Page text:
What good would it have done if Russell had just kept to himself that day in the coffee shop?
This post wouldst have been written and I and many others wouldn’t have benefited from it
To those who think Russell was bragging, let me ask you
Who are your favorite athletes, actors or authors?
Would you consider an author to be bragging because he wrote a book and displaying his talents?
Would you consider your favorite actor be to showing off by acting in movies that you love?
If people don’t share their talents, we wouldn’t have all the wonderful inventions and work or art that we so enjoy
It doesn’t help anyone to hide away their talents from the world
Two things — first, I love that what you learned was to *do — to create, to act.
I would just say that one must also know — in the sense of thinking things out, but also in the sense of seeing things whole — and that takes NOT DOING — thinking, learning, studying, but also, just BEING, in silence. None of which will take place if one is passive, paradoxically, so I think that still speaks to your point.
Second, is it a picture of yourself with Russell in the other post? If so, who took the photo? I think you should tell about that, because it would take away any doubt that this is a real story. Maybe you addressed it in the comments, but there are too many for me to read through. Maybe a caption would be helpful.
JR Griggs says
Honesty, I can’t believe how many complaints or really ignorant comments you got. Some people don’t get it and may never get it.
They can read something that should inspire them to do something great and instead will only be inspired to nit pick.
Has this genius ever been nominated for a Nobel Prize? Seems to me, that he is something very special!
Otto Pernotto says
Simply excellent! Both posts are so incredible. It reminds me of the story of Bill Crawford who was a janitor at the Air Force Academy despite being a Medal of Honor recipient. The cadets looked upon him as a janitor yet he had earned the most honerable award our nation can bestow yet he was a very humble man.
Bev. Coooke says
Thank you for both of these stories, and for YOUR humility, which shines through every word about this remarkable man. You were humble enough to treat a total stranger with respect and deference enough to listen. To be polite to a stranger long enough to learn that this stranger was someone special, with something to teach you. You were humble enough to absorb not only the wonder of meeting a remarkable and innovative man, but to learn from him. Not many people under 50 are mature enough and smart enough to do that, no matter who the person is.
Makes my day! And yes, even at 57, I can learn from both you and him about how to make a difference, and how to create. Thank you for that, too.
Byron Smith says
It was not an ‘ass kicking’. It was a Space Shuttle Rocket Booster experience. I’ve run into a few of those ‘older’ gentlemen in my career and had similar experiences. I look back with love on those moments. You have written an excellent piece, and even though I am now retired, I’m going to look for those ‘opportunities’ to expand myself as well. If Russell can smooth out his own pixel problem, maybe I can find a like endeavor in my lower field of computer administration. Thanks!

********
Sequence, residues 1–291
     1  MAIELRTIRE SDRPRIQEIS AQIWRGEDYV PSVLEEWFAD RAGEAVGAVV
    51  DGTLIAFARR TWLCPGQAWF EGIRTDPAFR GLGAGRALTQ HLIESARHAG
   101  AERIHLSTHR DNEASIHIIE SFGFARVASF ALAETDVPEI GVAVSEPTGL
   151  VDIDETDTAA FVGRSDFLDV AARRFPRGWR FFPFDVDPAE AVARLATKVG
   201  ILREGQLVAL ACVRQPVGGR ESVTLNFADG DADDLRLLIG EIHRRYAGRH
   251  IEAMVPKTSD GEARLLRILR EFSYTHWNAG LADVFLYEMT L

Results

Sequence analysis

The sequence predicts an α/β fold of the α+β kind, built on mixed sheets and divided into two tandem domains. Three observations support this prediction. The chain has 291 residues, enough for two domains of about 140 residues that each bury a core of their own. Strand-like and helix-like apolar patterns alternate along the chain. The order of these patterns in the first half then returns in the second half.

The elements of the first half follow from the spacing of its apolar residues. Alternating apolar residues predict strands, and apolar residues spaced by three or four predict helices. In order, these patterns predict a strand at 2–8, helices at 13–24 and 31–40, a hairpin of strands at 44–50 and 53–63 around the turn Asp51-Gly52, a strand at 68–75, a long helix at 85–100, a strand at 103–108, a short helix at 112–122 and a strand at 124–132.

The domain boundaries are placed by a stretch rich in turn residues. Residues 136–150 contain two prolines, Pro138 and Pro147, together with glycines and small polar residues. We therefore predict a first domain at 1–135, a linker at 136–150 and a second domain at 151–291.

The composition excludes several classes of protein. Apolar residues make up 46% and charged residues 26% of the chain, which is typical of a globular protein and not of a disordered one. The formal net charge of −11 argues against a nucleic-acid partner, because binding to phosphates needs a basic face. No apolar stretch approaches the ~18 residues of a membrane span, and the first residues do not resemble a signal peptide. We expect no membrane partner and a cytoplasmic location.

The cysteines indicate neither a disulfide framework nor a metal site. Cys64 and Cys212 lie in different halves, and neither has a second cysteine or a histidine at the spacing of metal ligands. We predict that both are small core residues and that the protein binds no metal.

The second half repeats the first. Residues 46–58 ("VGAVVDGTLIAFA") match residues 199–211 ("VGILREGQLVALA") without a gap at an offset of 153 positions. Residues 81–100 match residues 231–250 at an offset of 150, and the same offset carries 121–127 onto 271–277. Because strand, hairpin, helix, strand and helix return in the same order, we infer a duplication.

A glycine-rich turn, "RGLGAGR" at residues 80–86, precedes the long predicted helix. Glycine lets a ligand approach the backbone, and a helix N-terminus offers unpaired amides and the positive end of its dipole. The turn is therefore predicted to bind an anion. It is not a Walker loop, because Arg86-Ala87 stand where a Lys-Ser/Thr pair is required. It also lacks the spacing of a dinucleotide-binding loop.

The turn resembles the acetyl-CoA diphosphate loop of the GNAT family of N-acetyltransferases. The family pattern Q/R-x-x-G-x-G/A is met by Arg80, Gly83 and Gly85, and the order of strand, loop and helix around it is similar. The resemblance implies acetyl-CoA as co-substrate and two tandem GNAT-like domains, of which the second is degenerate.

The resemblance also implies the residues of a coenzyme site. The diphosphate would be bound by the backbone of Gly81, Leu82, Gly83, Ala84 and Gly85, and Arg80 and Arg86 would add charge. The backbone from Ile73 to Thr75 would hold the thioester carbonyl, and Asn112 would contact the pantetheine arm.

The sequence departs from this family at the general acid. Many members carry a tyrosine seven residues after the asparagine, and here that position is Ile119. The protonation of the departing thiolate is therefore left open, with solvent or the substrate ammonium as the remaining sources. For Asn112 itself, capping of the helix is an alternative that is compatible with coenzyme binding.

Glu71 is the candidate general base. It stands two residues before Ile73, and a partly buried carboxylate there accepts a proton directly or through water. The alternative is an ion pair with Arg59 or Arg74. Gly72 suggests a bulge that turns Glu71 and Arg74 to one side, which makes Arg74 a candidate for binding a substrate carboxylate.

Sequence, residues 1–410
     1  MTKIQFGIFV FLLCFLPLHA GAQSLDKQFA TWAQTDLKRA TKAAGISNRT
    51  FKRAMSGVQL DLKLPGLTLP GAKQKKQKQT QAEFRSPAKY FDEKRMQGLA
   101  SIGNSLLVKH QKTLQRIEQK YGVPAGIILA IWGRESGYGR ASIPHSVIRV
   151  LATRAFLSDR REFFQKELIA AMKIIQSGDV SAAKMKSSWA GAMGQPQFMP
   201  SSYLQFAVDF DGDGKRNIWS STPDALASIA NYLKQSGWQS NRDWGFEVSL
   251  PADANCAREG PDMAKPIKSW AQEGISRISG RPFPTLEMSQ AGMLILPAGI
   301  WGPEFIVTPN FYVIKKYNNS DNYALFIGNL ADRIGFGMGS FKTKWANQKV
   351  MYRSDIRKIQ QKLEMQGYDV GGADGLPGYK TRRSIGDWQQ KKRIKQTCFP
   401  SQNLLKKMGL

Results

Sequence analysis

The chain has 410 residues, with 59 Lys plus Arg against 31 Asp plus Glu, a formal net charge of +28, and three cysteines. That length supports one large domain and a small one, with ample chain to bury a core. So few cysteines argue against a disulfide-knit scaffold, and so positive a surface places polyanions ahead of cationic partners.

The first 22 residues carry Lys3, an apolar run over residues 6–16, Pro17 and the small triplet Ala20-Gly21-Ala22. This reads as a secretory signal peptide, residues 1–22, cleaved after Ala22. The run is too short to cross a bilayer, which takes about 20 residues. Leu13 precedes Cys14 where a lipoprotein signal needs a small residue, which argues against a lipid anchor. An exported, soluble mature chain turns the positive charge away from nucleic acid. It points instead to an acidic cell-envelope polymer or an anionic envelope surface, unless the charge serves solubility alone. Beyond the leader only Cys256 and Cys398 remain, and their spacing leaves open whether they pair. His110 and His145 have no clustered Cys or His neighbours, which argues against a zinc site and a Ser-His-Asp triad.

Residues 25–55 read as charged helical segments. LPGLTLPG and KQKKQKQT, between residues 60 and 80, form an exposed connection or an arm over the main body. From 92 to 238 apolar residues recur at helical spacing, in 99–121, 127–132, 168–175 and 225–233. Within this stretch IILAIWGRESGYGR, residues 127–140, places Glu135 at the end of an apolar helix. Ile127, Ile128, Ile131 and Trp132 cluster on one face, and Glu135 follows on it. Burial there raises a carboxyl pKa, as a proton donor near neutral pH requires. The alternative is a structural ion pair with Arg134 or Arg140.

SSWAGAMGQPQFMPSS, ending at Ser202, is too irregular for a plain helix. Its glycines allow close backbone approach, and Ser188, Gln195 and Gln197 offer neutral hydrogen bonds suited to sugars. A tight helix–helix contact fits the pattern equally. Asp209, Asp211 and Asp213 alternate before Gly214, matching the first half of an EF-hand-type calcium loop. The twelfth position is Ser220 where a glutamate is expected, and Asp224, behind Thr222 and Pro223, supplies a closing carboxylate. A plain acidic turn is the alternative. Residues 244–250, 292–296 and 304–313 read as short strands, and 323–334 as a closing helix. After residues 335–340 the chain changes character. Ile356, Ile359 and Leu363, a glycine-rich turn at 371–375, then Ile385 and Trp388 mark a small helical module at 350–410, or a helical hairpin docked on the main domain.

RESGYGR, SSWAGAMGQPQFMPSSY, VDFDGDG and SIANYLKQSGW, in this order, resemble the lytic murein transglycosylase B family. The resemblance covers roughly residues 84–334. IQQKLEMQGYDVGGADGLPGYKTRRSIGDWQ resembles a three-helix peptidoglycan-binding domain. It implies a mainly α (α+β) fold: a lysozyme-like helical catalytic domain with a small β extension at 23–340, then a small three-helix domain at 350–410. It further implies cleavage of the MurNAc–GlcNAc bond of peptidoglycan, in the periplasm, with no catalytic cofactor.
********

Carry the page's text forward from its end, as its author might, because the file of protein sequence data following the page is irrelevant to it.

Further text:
Meg Walker says
Both the original article was *AMAZING* and this follow-up one was as well. I echo the people who have said THANK YOU for pushing “publish”! It was an incredible story to read! My brother posted it on FB and that’s how I found it – I’m so grateful.
My father has been gone many years, but he was a successful man in the movie industry. I remember him trying to strike up conversations with younger people – a waitress, a store clerk – and how they acted as if he were invisible, this great, accomplished man. It just made my heart ache.
It never ceases to amaze me that everyone really DOES have a story.
Thanks for posting about Mr. Kirsch.
For me this is like the first time I read ZAMM, The Universal Traveller and Kathleen Norris’ Dakota.
Doc Chevalier says
Thank you Joel for investing the time to create these posts. I’m sorry that some people misunderstood either by omission or commission your intent but it happened, and will continue to happen. I commend you on an interesting story and your choices as a consequence. For those who choose to disbelieve or to make their own interpretations of the quality of your character or Mr. Kirsch’s character, still a personal choice, but a loss for them. So thanks from me to you. No more than that.
SM Babb says
I place this encounter as a “Divine” appointment.
It was meant to happen at the right time for the right reason (for both of you). Russel reached out, you were receptive.
“Nothing is withheld from us what we have conceived to do.”
Is it encouragement to pursue something you have conceived and have yet to bring to fruition? Is it something you have yet to conceive and support was provided to you to continue the search, analyze and create?
Only God and “possibly” you know what that may be.
I have no doubt you gained far greater than “7” bits of wisdom from this encounter.
Certainly not an asskicking, but a blessing.
Thank you for sharing your blessing with others.
Kirk Farrar says
Just wanted to say thanks to who brought me here – Thank you Instapundit! Great site, great story, I think I’ll stick around for awhile.Kirk
Bob Rosenbaum says
I’m not worthy! What a great guy. Thanks. What a fine post. Bob
Love this whole post, but especially the second to last point. Thanks for sharing!
Ezra Adams says
Excellent post for teachers, learners, and leaders of every age. I’ve called it a must-read and sent it to my network. Thanks for sharing your encounter with Russell Kirsch.
Greg Milbank says